Ann About Town: Black Cat Bistro

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Ann shares her love of Black Cat Bistro.

There are restaurants that you love because the food is amazing. There are restaurants that you love because you associate them with warm, happy gatherings. Sometimes the places where the food is amazing are places that require a tie, a respectable bank balance, and the ability to cope when the waiter brings the wine for your approval (as well as a working knowledge of fish forks, aspic, and how to cut up a quail). And, sometimes, the places where you have the best times have food that is uninspired, greasy, and guaranteed to have your over-25 body up three times in the night regretting the pizza with extra everything.

In Black Cat Bistro, I have found a pretty great combination of grownup food and a record of having a good time every time I eat there. And I’ve eaten there a lot. It’s the closest restaurant to our house besides Crunchy’s, and while there is nothing like a Crunchy’s pizza and a beer, sometimes the occasion calls for that tablecloth, wine list,  flowers-on-the-table vibe.

I recall a freezing winter Sunday when my husband – Captain Carnivore – and I walked up to Black Cat and met friends for brunch and cocktails. I also picked it as the perfect place to meet our son’s potential mother-in-law for the first time—chic enough for a woman who lived in a city, quiet enough to talk, and sure to produce food that would do us proud.

The patio of Black Cat Bistro as seen from Abbot Rd.

I’ve had long, rambling lunches with friends on the patio. On one occasion, the waitress (who happens to live up the street from me) picked fun drinks for us, and my friend and I got pleasantly buzzed while eating delicious salads and watching the people go by. I’ve also attended work-related functions at Black Cat and had the great pleasure of dining with my boss, who ordered “one for the table” of all the appetizers, including the Baked Helix Escargot. The snails required heavy persuasion for a couple of colleagues, but, in the end, butter and garlic triumphed over squeamishness.

These days, the happy hours (and Happy Hours) spent at Black Cat are on hold, but it’s still possible to order takeout. The food, minus the company, is not quite as great, but it makes us pretty happy.  Last week, the Captain chose the signature Bistro Burger, which is a big burger with scallion bacon aioli, cheddar, a sunny side up egg, and a small pile of appropriate vegetation. Oh, and it also comes with frites – both white and sweet potato – that remained crisp from restaurant to home and that the Captain discovered to be fairly miraculous when dipped in the yolk of the sunny side up egg.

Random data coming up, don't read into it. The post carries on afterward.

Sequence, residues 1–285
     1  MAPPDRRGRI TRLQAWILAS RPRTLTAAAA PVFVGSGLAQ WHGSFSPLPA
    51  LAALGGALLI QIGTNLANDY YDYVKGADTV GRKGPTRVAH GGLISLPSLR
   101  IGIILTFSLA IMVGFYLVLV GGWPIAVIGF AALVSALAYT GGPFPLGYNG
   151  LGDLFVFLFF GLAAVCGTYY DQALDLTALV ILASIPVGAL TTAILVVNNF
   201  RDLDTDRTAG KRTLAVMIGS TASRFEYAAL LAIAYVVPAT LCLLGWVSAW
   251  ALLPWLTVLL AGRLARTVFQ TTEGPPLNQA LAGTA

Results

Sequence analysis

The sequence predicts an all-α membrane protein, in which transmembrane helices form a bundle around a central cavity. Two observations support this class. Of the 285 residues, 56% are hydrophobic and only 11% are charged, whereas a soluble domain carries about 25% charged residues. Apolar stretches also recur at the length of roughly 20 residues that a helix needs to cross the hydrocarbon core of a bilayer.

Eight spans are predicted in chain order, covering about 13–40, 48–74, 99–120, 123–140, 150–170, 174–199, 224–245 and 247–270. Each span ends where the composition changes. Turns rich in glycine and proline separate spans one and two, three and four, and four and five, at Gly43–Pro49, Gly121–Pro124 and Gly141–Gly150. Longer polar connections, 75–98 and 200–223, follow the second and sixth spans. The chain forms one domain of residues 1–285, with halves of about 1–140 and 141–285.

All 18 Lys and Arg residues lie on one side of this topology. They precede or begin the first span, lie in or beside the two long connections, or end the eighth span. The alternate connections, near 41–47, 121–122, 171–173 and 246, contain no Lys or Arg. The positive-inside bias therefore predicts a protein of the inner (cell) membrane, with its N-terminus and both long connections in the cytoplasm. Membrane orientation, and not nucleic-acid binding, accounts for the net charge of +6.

Photo courtesy of Black Cat Bistro.

Black Cat Bistro’s sweet and white potato frites.

My favorite thing on the menu is the Harvest Salad with salmon on top, mostly because Black Cat’s chef has a way with salmon. That sounded wrong for a winter’s night, though, so I ordered appetizers: the Peanut Crusted Goat Cheese Fritters, Roasted Mushroom Brie Bruschetta, and Sesame Chicken Satay. The fritters are my second favorite thing on the menu after anything involving salmon. The crispness of the peanut crust and the accompanying toasts contrasts with the melting softness of the cheese, and the sweetness of the saffron honey and caramelized onions compliments the bite of the goat cheese.  I find them revelatory.

Photo courtesy of Black Cat Bistro.

Goat cheese fritters that Ann recommends.

The bruschetta was a healthy stack of mushrooms, tomatoes, basil, and garlic atop melted Brie and drizzled with a sweet-ish balsamic glaze, and the chicken satay was traditional except for the sauce, which was more nuanced than the typical Thai restaurant joint. I stole the odd sweet potato fry, handed over some satays and bruschetta (bruschettae?), and, while it wasn’t exactly like sitting at a two-top at Black Cat, it did have the benefit of allowing us to watch Endeavour while we grazed.

Black Cat has deals for takeout, by the way. The most popular one doesn’t work for us (four cheeseburgers and four margaritas or sangrias for $30) because we shouldn’t eat four burgers, and we REALLY shouldn’t drink four margaritas. But I hear that they’ll substitute Shirley Temples for the hard stuff, which means you could have a pretty good family takeout for about what it costs to go to MacDonald’s.

They’re also offering a Christmas Dinner Package that serves 4, with a choice of roast duck or filet mignon, truffled mashed red skin potatoes, wild rice, herb roasted green beans, baguette with butter and parmesan, 4 tuxedo chocolate cake bombs, and a bottle of Chardonnay or Cabernet Sauvignon. At $150 that’s a pretty great deal, and most kids will eat a little steak and a piece of bread and butter. I’m hearing from friends that cooking a big holiday meal to eat in isolation is just not appealing this year. The chance to spend the day lounging around in pajamas and have a really nice dinner come already made and ready to heat and eat is not just something that has to happen, but also something that sounds cozy and delightful.

Someday, I’ll be back on Black Cat’s patio feeling a little tipsy, full of salad, and ready to solve the problems of the world over coffee. Until then, I can look forward to watching Masterpiece Theater and sneaking bites of Satay to the dog in the comfort of my own home.

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